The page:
Amazon Is Not A Serious Apple Competitor…Yet

| Editorial

Yesterday I wrote about analyst Brian White's confidence that Amazon's phone would not affect iPhone sales. In his praise, he said "Apple is unique in its ability to develop hardware, software and services that work together seamlessly.” While he's right that Apple is the only one right now, it seems that Amazon has some Apple-like aspirations itself.

This comparison is not entirely fair on the surface. Amazon doesn't truly make any of their hardware, nor does it make desktop/laptop computers. An even bigger distinction is that unlike Apple, Amazon doesn't control its own software, it merely rebrands a forked version of Android. But there are some pretty obvious moves from Amazon that make it clear it is gunning for Apple in at least a couple of these areas.

First, Amazon is certainly looking to provide an alternative to Apple's overall ecosystem with the Kindle Fire tablets and Fire TV, along with the newly announced Fire Phone. When the Fire tablet and the Fire TV were announced, each of them reminded me of Apple products, and seemed like Amazon's to establish some of the same pieces that defined Apple's approach. I feel the same way about the Fire phone.

All of these devices are nice enough alone, but each is much handier/more convenient if you have one or two of the others to go with it. Of all of Apple's hardware competitors, Amazon is the only company that seems obsessively focused on this idea that the whole is much larger than the individual pieces.

None of this makes Brian White's statement false. Apple truly does have an advantage that no other competitor has. Amazon, though, seems to be staking out the part of Apple's approach that it can compete with, and that's depth of ecosystem and a connected experience.

What will make this interesting to watch is that virtually all the differences between Apple and Amazon can change. In particular, we all know content is in a continual state of flux. This will all come down to user experience within an ecosystem. I'm looking forward to watching what happens next.

Bryan Chaffin contributed to this article.

Comments

wab95

Kelly:

Your point that Amazon are gunning for Apple by emulating features and components of Apple’s ecosystem is well taken, and has been observed by a number of others. Few, I should think, would argue contrarily.

Two martial arts principle apply here, firstly that fighting according to another’s strategy, a strategy that plays to that opponents strengths by the way, and a strategy that they’ve mastered and you have not, is not a winning formula. Secondly, that action is preferable to reaction. Indeed, in one fight studio I observed a sign reading, ‘He who hesitates meditates in a horizontal position’.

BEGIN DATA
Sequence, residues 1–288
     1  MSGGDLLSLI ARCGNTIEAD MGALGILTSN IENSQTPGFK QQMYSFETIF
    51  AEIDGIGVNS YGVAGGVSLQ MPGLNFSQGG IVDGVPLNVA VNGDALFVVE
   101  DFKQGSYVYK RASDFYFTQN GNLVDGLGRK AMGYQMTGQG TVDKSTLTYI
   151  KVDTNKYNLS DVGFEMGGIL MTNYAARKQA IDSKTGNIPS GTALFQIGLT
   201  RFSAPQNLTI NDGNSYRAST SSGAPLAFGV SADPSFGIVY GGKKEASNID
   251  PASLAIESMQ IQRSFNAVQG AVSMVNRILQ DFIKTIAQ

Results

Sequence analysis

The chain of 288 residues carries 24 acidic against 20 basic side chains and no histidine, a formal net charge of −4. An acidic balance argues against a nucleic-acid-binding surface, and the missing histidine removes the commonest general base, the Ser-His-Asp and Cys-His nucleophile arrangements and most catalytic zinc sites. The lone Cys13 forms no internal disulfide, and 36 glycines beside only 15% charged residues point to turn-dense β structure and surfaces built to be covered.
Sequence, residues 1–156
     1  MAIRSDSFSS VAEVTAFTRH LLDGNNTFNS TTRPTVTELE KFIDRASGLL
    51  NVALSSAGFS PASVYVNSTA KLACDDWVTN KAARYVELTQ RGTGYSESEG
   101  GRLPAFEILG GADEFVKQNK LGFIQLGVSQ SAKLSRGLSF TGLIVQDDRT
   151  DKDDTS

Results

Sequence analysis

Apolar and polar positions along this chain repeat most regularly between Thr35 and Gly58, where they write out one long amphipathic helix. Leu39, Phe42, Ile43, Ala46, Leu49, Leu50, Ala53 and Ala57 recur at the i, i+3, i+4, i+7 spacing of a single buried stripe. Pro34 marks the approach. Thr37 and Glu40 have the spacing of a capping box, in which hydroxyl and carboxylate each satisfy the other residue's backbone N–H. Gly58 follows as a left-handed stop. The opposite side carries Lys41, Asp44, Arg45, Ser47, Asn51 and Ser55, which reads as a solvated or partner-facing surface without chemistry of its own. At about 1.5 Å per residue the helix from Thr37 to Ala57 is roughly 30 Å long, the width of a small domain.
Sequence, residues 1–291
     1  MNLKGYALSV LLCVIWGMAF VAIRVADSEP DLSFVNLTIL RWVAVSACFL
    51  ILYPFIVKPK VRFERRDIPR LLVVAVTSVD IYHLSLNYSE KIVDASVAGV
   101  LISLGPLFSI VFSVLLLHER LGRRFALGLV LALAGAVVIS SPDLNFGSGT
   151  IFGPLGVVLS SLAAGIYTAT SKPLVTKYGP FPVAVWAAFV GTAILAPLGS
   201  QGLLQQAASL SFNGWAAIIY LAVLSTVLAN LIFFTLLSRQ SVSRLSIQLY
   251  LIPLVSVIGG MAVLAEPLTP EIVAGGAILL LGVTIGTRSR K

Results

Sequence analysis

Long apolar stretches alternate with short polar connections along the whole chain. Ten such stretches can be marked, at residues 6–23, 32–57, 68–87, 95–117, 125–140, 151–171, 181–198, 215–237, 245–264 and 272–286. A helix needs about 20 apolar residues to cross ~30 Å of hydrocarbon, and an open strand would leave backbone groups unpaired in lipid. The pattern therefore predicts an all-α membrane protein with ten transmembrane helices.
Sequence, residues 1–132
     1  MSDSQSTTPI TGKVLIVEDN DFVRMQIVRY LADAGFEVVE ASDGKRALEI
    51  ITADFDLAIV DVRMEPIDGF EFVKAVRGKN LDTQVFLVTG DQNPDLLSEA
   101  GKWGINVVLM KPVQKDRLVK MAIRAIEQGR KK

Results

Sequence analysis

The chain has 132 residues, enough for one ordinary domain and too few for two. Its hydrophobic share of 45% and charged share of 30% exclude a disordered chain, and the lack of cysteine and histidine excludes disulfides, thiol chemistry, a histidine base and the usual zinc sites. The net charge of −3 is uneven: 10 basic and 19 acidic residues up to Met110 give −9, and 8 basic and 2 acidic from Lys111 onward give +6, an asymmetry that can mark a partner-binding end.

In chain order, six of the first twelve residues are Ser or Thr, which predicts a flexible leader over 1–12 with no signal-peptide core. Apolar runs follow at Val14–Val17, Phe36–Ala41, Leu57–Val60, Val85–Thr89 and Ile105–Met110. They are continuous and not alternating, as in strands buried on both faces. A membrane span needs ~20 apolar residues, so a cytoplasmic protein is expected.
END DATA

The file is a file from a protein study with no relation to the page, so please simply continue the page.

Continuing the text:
Amazon’s imitation of Apple’s pioneering work in creating an integrated ecosystem, and one that now is transitioning Apple away from hardware manufacturer to a platform deliberately and systematically organised around the end user, and whose primary outcome is not sales figures and marketshare but the quality of the end user experience, is ultimately a reactive and therefore a failing strategy that will never defeat Apple or leapfrog Amazon ahead of Apple in those outcomes that are meaningful.

Rather, Amazon are, like so many others, cementing their status as followers of the leader, and not so boldly going where Apple (and everyone else seeking relevance in the post-PC era) have gone before.

My personal view is that, in time and as the industry matures, it will move beyond the imitative phase we see today, in which the zero-sum game played out between Apple and Microsoft for PC dominance in the 20th Century, will give rise to first a multi-disciplinary and in later stages, an integrated industry with defined roles and contributions.

That industry, I would argue, will continue to be characterised by competition, but less in the already established markets, and more in new and emerging categories of products and services. However, amongst those top tier companies, such competition will play to the strengths of those survivors and thus we should expect certain categories of new product from them.

Analysts and modellers, particularly those who wish to anticipate where the market in tech is headed, should look for areas of potential overlap in excellence and capacity between those remaining tech giants, because that is where the competition, and therefore the growth, will most intense and greatest.

We are not there yet.

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